The morning after the lady next door dies in the middle of the night, I go inside my house to tell my mother. “Ronnie is dead,” I say to an empty foyer. I return to the front sidewalk where I had been standing, already warm on my summer bare feet. There is a stillness that I have never, ever felt before as I watch the silent blinking lights of the ambulance parked along the curb. Ronnie’s front door is pushed open by a firefighter walking backwards, then the stretcher, a black cloth over her body, and another firefighter. A patch of thick, dark, curly hair sticks out of one end. I have walked the short distance between the townhouses many times, but today I only go half way. I had come out early, to get out of my own house and to wait for the neighborhood pool to open; I was not expecting death. There is a small crowd: Ronnie’s husband, her two small children, and me. I stand in my cut-off shorts and t-shirt with my bathing suit on underneath, still damp from the day before.
I am not a good swimmer like my younger sister and my best friend. While they swim laps of breast stroke and butterfly, and jump off the diving board like canon balls and swans, I lower myself into the shallow end, slide against the pool wall until my head is under, then push off with my legs and move through the water, close to the bottom. I only use my arms when I have to; otherwise they are close to my sides and I am a mermaid gliding through the night sea for long stretches of time, coming up for air, then returning quickly to the wonderful silent world that I long for where I am forever and ever and ever alone.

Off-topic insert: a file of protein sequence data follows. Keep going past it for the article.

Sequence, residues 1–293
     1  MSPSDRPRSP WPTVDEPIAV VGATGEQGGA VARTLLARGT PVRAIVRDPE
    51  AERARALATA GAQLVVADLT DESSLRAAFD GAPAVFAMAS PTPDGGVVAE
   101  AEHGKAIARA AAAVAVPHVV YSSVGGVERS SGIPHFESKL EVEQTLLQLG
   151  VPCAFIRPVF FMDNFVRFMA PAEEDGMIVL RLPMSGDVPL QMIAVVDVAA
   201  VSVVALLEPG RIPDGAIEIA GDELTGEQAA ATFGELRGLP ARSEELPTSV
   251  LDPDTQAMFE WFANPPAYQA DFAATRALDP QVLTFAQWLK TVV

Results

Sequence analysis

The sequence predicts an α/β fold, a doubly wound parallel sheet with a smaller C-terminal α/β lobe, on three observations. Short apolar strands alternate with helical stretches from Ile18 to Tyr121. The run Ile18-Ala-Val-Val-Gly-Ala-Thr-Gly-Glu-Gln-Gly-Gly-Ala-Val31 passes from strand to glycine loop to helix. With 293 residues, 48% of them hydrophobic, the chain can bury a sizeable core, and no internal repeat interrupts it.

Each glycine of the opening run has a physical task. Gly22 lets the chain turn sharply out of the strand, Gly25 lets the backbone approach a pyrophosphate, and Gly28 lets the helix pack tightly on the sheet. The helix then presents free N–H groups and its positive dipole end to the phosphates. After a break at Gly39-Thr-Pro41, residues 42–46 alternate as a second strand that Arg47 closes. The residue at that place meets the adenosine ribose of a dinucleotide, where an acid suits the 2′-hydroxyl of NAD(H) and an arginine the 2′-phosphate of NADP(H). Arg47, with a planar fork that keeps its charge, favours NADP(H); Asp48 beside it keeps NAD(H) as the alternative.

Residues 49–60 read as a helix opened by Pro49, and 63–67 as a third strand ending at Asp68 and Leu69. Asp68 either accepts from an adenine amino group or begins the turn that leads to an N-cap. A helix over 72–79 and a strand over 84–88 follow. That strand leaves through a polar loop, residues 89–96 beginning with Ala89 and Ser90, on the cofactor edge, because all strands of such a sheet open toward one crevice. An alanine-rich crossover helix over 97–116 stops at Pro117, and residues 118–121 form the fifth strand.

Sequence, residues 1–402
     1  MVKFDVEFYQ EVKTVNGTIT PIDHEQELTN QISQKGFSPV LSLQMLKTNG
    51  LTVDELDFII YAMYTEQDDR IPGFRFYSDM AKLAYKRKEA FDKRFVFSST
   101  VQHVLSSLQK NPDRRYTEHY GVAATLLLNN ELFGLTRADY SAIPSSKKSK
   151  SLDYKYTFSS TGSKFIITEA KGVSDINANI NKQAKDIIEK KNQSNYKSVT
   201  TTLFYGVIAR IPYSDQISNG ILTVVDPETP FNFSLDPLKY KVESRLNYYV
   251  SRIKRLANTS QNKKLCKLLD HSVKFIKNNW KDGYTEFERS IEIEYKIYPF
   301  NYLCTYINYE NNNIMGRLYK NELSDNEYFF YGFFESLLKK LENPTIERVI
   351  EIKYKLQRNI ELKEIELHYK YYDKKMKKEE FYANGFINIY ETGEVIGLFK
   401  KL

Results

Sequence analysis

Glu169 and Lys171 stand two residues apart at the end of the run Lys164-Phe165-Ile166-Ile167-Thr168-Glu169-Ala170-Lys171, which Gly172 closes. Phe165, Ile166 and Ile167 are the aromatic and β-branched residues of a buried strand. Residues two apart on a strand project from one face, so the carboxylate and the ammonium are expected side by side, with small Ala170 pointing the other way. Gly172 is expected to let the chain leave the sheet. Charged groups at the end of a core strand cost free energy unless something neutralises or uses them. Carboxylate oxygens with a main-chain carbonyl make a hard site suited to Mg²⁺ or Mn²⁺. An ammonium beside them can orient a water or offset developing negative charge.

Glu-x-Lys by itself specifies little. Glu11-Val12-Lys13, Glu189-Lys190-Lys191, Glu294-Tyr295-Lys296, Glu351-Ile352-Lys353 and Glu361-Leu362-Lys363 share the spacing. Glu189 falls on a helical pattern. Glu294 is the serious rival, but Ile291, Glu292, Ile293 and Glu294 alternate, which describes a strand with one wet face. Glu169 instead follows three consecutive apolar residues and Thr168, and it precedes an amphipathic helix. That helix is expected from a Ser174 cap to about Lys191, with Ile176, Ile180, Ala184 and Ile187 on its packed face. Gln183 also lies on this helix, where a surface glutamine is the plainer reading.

It is 1977, the year of Roots, Star Wars, and Saturday Night Fever (which I am not allowed to see, but have heard every detail), and I am twelve. We live in a suburb of Baltimore that is called a “new” town and supposed to be “progressive.” We are Jewish and Catholic and atheist. We are rich and poor, black and white. We are part of an experiment put into place by a man who believed that this kind of place could actually exist. We are learning some of this in my eighth grade Social Studies class. All of the streets have names from lines of great literature. We live on Winter Rose Path, but when I ask, no one that I know has any interest in what poem or story it comes from. I think it sounds beautiful when I say: I live on Winter Rose Path.